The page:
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Scott A. Read, Michael J. Collins, Stephen J. Vincent, David Alonso-Caneiro; Choroidal Thickness in Myopic and Nonmyopic Children Assessed With Enhanced Depth Imaging Optical Coherence Tomography. Invest. Ophthalmol. Vis. Sci. 2013;54(12):7578-7586. doi: 10.1167/iovs.13-12772.
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© ARVO (1962-2015); The Authors (2016-present)
Weexamined choroidal thickness (ChT) and its topographic variation across the posterior pole in myopic and nonmyopic children.
A total of 104 children aged 10 to 15 years (mean age, 13.1 ± 1.4 years) had ChT measured using enhanced depth imaging optical coherence tomography (OCT). Of these children 40 were myopic (mean spherical equivalent, −2.4 ± 1.5 diopters [D]) and 63 were nonmyopic (mean, +0.3 ± 0.3 D). Two series of 6 radial OCT line scans centered on the fovea were assessed for each child. Subfoveal ChT and ChT across a series of parafoveal zones over the central 6 mm of the posterior pole were determined through manual image segmentation.
Subfoveal ChT was significantly thinner in myopes (mean, 303 ± 79 μm) compared to nonmyopes (mean, 359 ± 77 μm, P < 0.0001). Multiple regression analysis revealed refractive error (r = 0.39, P < 0.001) and age (r = 0.21, P = 0.02) were associated positively with subfoveal ChT. Also, ChT exhibited significant topographic variations, with the choroid being thicker in more central regions. The thinnest choroid was observed typically in nasal (mean, 286 ± 77 μm) and inferior-nasal (306 ± 79 μm) locations, and the thickest in superior (346 ± 79 μm) and superior-temporal (341 ± 74 μm) locations. The difference in ChT between myopic and nonmyopic children was significantly greater in central foveal regions compared to more peripheral regions (>3 mm diameter, P < 0.001).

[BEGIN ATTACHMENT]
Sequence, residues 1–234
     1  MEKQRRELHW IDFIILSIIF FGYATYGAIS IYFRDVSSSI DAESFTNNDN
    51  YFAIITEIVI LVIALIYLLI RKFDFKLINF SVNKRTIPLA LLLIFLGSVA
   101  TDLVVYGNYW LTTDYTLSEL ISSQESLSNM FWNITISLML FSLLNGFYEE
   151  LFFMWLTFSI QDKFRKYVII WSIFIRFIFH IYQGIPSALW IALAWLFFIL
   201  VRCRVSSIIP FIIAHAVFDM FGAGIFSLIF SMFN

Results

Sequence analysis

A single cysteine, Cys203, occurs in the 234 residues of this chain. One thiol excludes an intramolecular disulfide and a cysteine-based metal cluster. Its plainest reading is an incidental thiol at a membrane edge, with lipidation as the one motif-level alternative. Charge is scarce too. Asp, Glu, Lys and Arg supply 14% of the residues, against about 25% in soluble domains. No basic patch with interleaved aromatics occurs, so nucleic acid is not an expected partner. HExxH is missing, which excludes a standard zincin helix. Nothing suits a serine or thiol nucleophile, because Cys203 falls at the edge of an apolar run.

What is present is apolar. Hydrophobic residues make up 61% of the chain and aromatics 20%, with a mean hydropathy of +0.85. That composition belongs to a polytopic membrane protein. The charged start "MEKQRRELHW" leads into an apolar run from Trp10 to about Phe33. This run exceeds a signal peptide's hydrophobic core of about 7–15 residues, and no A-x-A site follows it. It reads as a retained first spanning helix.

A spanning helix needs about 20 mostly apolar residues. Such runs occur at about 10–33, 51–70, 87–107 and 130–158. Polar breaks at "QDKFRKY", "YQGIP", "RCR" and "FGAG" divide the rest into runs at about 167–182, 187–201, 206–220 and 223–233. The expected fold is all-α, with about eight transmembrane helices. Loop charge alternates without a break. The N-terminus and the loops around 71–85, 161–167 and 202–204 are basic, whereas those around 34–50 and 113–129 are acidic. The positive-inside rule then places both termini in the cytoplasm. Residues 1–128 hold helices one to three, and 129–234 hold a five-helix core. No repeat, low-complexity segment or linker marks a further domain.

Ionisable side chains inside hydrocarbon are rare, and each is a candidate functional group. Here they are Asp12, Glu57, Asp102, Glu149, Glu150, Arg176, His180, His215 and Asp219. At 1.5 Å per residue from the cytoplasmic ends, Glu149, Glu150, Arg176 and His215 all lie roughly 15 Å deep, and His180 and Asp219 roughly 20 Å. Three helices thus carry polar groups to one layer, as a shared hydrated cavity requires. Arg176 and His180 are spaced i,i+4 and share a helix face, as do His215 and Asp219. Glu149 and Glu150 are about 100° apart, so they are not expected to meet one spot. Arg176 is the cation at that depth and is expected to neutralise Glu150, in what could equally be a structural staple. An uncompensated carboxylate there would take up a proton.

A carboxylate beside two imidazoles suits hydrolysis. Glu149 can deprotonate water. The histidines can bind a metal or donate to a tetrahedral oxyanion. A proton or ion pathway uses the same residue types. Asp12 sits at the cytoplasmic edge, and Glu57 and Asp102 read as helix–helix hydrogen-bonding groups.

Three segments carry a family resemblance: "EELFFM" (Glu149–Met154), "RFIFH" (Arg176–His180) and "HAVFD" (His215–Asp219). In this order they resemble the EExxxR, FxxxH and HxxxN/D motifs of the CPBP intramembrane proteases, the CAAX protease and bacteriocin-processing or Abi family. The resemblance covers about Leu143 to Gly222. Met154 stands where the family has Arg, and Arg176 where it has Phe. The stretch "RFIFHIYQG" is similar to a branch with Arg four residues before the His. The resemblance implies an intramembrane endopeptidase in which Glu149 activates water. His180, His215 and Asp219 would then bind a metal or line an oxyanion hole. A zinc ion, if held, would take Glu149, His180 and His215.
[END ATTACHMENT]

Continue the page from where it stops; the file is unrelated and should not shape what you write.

Myopic children have significantly thinner choroids compared to nonmyopic children of similar age, particularly in central foveal regions. The magnitude of difference in choroidal thickness associated with myopia appears greater than would be predicted by a simple passive choroidal thinning with axial elongation.
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